Dragonsmaw Daily | 1
By Lancelot Schaubert• Luke 15:3–7
Five months ago, Vritra — ill and desperate — crashed headlong into the loadbearing wall that Stornheist shares with the North Gate and ever since our surrounding lands grow nothing, bear nothing, receive nothing, and hold no measure of moisture. The crash came willfully — she claimed at first, though she has since spoken little — in hopes to find a physical, metaphysical, or spiritual cure to her malady. Since her crash, no cure has emerged.
Creative writer Lancelot Schaubert brings us this inventive mini-series as he weaves together a small newspaper in response to a collection of Scripture passages.
This first offering focuses on the theme of "lost" as found in Luke 15:3-7.
As with most shared newspapers, some of the pages have been pulled out and are out of order, so you will have to piece them together as the project is released. You may find the other parts of the project at Dragonsmaw Daily | 2 and Dragonsmaw Daily | 3.
You may also view the entirety of the project, here — as a brand new newspaper.
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3 ¶ And he spake this parable unto them, saying, 4 What man of you, having an hundred sheep, if he lose one of them, doth not leave the ninety and nine in the wilderness, and go after that which is lost, until he find it? 5 And when he hath found it , he layeth it on his shoulders, rejoicing. 6 And when he cometh home, he calleth together his friends and neighbours, saying unto them, Rejoice with me; for I have found my sheep which was lost. 7 I say unto you, that likewise joy shall be in heaven over one sinner that repenteth, more than over ninety and nine just persons, which need no repentance.
The theme of lostness comes up a ton in this section of the paper: and of how to find your way back. I wanted to hold that theme up to the light in as many unorthodox ways as possible.
The Dragonsmaw daily is a paper circulating on LOMEDAY of the month of BLAGUROEDD 47 in the year 1109 P.T. on Gergia, one of the Vale Universe (short story series here). It may seem like a high-shelf sort of entry for the average reader, something that takes a herculean effort to embrace in terms of the suspension of disbelief or secondary belief in my created world. However, I think it's quite easy: if you'll trust me, it'll read as a wonderfully foreign paper from a wonderfully foreign world. It's ephemera: something like an in-world artifact I happened to pick up from a newsboy who was hawking EXTRA EXTRA EXTRA copies in order to have enough ₮ to get his sister through the week on an onion (actually it's more like a leek) based soup. She beat the fever, in case you were wondering. But I brought it back from Gergia and gave it to my friends at Spark and Echo that it might supplement the stories I've written here and elsewhere about these fantastic worlds I travel so frequently.
For those that have followed along in any capacity, this paper tells of events taking place prior to the events in the Moon Boys series from my artist residency and quite far in the past from the other commissions here at Spark and Echo. It occupies the region around the Imperial Crescent in Gergia (top left of the main land mass on that false map I drew of the world). Each of the events recorded in this paper feature major workings in the region. All together I wanted to bind up the themes of extinction, of power dynamics, and of being lost and found into one piece. So I stitched together three commissions in a more unified form than normal. Of course some parts of the paper will remain out of reach for some time — like any foreign country, Gergian customs and economics and politics only make sense after you've lived there for quite some time. But one day the times, dates, seasons, and currency will make perfect sense to you. And then the dread realization of what the paper really reveals will come all too clear, as clear as a Bell Hammer.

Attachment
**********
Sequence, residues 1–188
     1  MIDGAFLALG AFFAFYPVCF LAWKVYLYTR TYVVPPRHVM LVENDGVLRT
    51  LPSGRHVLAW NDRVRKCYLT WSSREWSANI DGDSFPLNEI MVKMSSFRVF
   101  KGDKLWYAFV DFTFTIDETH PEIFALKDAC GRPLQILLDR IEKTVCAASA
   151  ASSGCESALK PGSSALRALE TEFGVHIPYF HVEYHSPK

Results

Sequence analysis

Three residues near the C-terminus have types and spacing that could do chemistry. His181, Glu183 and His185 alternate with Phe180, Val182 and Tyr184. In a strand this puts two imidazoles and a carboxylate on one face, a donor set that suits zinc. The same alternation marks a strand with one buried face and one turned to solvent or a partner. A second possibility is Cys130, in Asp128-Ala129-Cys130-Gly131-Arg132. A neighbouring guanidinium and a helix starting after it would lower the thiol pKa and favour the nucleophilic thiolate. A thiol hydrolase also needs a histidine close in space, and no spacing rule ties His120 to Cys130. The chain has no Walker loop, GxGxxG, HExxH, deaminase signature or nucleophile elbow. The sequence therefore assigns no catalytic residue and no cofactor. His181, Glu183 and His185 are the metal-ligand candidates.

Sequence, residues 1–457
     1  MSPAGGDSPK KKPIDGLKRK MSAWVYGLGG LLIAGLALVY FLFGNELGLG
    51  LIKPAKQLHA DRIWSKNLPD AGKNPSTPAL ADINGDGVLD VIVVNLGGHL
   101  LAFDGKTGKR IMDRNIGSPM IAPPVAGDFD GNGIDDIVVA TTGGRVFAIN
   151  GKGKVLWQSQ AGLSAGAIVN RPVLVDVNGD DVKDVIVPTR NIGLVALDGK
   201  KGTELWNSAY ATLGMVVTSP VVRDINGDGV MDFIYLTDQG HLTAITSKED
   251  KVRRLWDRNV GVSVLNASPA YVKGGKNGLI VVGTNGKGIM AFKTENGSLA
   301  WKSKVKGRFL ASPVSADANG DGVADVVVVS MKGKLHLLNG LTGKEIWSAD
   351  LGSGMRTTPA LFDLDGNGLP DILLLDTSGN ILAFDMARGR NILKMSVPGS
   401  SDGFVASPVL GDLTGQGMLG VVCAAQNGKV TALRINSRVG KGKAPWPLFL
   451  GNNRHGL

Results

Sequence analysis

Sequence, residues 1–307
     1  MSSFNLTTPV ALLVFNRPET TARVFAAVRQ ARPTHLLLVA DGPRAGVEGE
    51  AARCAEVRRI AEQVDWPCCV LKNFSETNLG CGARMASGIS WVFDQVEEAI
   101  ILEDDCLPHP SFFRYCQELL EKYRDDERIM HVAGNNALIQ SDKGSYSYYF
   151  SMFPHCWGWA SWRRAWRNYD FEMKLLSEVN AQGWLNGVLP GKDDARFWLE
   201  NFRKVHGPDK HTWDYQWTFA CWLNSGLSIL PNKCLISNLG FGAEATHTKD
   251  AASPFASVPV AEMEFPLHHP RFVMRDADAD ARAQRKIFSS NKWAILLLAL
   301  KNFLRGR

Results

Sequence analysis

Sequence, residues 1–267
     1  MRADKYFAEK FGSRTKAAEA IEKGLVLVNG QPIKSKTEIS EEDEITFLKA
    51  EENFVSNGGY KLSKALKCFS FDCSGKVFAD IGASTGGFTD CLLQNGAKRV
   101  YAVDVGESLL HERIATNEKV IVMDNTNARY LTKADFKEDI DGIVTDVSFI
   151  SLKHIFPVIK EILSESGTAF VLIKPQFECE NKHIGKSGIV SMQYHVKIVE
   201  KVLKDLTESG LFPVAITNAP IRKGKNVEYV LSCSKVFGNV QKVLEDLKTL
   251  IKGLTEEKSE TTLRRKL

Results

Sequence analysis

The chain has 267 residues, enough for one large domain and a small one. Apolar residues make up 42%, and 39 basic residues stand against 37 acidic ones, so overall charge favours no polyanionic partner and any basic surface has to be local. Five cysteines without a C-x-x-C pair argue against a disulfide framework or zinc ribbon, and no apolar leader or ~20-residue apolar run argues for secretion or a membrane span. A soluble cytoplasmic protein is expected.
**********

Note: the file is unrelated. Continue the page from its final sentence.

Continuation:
Born and raised in Southern Illinois amid four generations of carpenters (and named either after Lancelot the knight or Lancelot the soap opera character, depending on which parent you ask), I moved to Joplin, Missouri for college where I did internships in San Diego among young artists and in Detroit — Dearborn — where I taught English and citizenship to Arab immigrants. I auditioned for some TV shows, helped internationals feel at home, and started an artist support group with Mark Neuenschwander, the photographer.
In college, I majored in rhetoric and minored in mythology and ancient literature. Somewhere in there, I fumbled along trying to woo the grooviest girl in the world to marry me. She was from Ferguson, Missouri.
Now, we live in New York City. In addition to writing and producing, I work for ACT International helping artists in the city think cleverer, feel deeper, and act truer. Sometimes I give them grants to jumpstart their careers. Most of the time I just cook them food, let them crash at my place, and hold them when NBC rejects their screenplay or only five of their paintings sell at their gallery. If that’s you, I’m in your corner.
By now, I’ve written hundreds of articles and stories and poems (maybe thousands?) and I’ve spoken for various conferences on writing, culture creating, neighborhood development, and virtue ethics.
I’m hard at work on what will be my first published novel, but I’m also quite dangerous with a nail gun. Ask me about the squirrel sometime.